Ahmad, Ashfaq; Zhao, Yuhuan; Shahbaz, Muhammad; Bano, Sadia; Zhang, Zhonghua; Wang, Song; Liu, Ya

    2016-01-01

    This study investigates the long and short run relationships among carbon emissions, energy consumption and economic growth in India at the aggregated and disaggregated levels during 1971–2014. The autoregressive distributed lag model is employed for the cointegration analyses and the vector error correction model is applied to determine the direction of causality between variables. Results show that a long run cointegration relationship exists and that the environmental Kuznets curve is validated at the aggregated and disaggregated levels. Furthermore, energy (total energy, gas, oil, electricity and coal) consumption has a positive relationship with carbon emissions and a feedback effect exists between economic growth and carbon emissions. Thus, energy-efficient technologies should be used in domestic production to mitigate carbon emissions at the aggregated and disaggregated levels. The present study provides policy makers with new directions in drafting comprehensive policies with lasting impacts on the economy, energy consumption and environment towards sustainable development. - Highlights: •Relationships among carbon emissions, energy consumption and economic growth are investigated. •The EKC exists at aggregated and disaggregated levels for India. •All energy resources have positive effects on carbon emissions. •Gas energy consumption is less polluting than other energy sources in India.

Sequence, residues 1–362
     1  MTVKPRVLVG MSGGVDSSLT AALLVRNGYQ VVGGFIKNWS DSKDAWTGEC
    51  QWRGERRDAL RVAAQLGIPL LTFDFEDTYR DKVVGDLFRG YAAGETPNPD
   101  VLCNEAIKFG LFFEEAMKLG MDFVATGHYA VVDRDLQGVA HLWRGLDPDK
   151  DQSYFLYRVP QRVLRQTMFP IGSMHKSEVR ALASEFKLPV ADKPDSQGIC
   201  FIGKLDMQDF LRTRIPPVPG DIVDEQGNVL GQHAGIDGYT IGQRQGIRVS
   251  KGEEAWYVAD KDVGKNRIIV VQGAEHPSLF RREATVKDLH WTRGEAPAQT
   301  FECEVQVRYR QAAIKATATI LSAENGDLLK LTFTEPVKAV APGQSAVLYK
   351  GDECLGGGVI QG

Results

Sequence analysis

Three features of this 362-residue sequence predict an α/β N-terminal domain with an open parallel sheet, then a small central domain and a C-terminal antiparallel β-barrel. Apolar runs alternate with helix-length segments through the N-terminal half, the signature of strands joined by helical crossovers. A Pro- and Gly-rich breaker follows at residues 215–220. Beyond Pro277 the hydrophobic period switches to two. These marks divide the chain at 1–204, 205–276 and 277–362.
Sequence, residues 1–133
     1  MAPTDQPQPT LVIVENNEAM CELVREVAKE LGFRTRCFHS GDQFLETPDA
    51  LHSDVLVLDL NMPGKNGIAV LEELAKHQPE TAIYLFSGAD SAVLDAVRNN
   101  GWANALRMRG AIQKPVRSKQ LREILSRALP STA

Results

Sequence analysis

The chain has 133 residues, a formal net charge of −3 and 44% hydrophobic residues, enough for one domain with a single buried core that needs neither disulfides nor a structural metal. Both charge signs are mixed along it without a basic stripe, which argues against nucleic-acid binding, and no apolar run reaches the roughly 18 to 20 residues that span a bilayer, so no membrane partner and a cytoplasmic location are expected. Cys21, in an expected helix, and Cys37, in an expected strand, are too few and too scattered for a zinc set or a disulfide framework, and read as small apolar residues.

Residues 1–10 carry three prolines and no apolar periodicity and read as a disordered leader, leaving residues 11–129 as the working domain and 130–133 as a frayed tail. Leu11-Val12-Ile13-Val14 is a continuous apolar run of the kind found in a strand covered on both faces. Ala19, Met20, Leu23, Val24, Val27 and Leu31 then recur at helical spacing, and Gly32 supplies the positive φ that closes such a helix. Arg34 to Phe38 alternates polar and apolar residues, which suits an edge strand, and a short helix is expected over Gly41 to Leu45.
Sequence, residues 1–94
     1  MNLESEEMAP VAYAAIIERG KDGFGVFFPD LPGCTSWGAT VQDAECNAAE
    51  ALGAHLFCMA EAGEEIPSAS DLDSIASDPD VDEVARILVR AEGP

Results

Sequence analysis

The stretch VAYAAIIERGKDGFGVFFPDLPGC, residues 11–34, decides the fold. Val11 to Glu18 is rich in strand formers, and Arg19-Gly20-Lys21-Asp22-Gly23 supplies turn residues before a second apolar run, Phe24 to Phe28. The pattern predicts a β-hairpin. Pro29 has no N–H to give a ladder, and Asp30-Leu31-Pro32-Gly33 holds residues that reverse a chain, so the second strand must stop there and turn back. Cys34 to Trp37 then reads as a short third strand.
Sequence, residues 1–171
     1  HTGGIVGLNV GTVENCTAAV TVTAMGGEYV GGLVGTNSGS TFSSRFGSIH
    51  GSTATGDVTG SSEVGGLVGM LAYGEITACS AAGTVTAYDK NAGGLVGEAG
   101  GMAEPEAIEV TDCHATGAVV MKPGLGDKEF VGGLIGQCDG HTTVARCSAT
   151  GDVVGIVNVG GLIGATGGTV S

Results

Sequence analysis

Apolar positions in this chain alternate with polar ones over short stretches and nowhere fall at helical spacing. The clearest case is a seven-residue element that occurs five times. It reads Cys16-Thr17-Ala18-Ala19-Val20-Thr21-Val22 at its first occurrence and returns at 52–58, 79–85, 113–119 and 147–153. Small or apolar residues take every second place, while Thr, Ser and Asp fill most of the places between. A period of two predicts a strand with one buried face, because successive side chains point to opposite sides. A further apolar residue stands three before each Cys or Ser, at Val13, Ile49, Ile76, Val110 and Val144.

5. Energy and environment design guide

    Energy Technology Data Exchange (ETDEWEB)

    Harman, K. [Royal Australian Institute of Architects, Canberra, ACT (Australia)

    1996-04-01

    The Royal Australian Institute of Architects (RAIA) released an Environment Policy for architects in September 1994 which forms part of the RAIA Code of Professional Conduct. Prior to releasing the policy, it was recognised that members needed information and education in the area of energy and environment in order to adopt and implement the guide. This document is a report on the scope, work programme and achievements of a project to provide an easy reference resource for architects and other building designers, and bring together a wide range of information and research. It includes the Environment Policy as an appendix. The project produced 24 notes entitled the `Environment Design Guide - energy/environment notes` covering a wide range of topics, and four newsletters. Feedback received from architects to date indicates that the development of the notes has had a positive effect on their knowledge of these issues, resulting in the making of informed design decisions. The topics covered by the notes are expected to expand in 1996 with the preparation of additional notes which provide information on products and sustainable construction.